Pigott, Paul Ernest (2013) Degemination and prosody in Labrador Inuttut: an acoustic study. Masters thesis, Memorial University of Newfoundland.
- Accepted Version
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In this thesis, I investigate the acoustic expression of Schneider's Law (SL), a consonant degemination rule observed in three dialects of Inuktitut (Labrador Inuttut, Quebec Inuttitut, and Northwest Territories Siglitun), the characterization of which has so far been based largely on aural-impressionistic data transcriptions. Given the expression of this rule, which conditions alternations between syllables that end with consonants versus vowels, thereby affecting rhythmic qualities of the language, I set out to perform instrumental measurements of spontaneous and elicited speech recorded in Labrador, Canada. My observations of SL from various acoustic viewpoints confirm its characterization in the scientific literature as a virtually exceptionless rule, and one that is consistent with dissimilation processes found in other languages - in particular, length contrasts attested in Latin, Japanese and Finnish. SL is further shown to operate independently from any system of recurring metrical stress. Labrador Inuttut itself seems to be devoid of any type of metrical conditioning in any of the standardly-assumed phonetic correlates of stress (intensity, duration or pitch). The acoustic results do, however, show a systematic pattern of phrase-final syllable lengthening, optionally covarying with FO boundary tones. The observed phenomena are consistent with descriptions of related dialects, except that the rule in Labrador Inuttut is shown to also include aspiration of phrase-final stop consonants, something not mentioned in the Eskimo-Aleut literature, but described in other languages (e.g., right-edge fortition in Blackfoot).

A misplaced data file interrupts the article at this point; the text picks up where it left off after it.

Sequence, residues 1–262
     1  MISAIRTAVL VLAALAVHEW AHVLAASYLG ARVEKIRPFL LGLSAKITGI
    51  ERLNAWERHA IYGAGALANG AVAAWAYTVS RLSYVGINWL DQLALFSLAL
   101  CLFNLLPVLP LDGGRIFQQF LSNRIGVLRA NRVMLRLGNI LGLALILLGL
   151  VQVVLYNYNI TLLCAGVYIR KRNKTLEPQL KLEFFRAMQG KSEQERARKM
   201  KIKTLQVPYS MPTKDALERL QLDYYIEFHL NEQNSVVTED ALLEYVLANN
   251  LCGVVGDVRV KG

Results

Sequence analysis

|Item Type:||Thesis (Masters)|
|Additional Information:||Includes bibliographical references (leaves 131-141).|
|Department(s):||Humanities and Social Sciences, Faculty of > Linguistics|
|Library of Congress Subject Heading:||Inuktitut dialect--Phonetics; Inuktitut dialect--Prosodic analysis; Grammar, Comparative and general--Phonology.|
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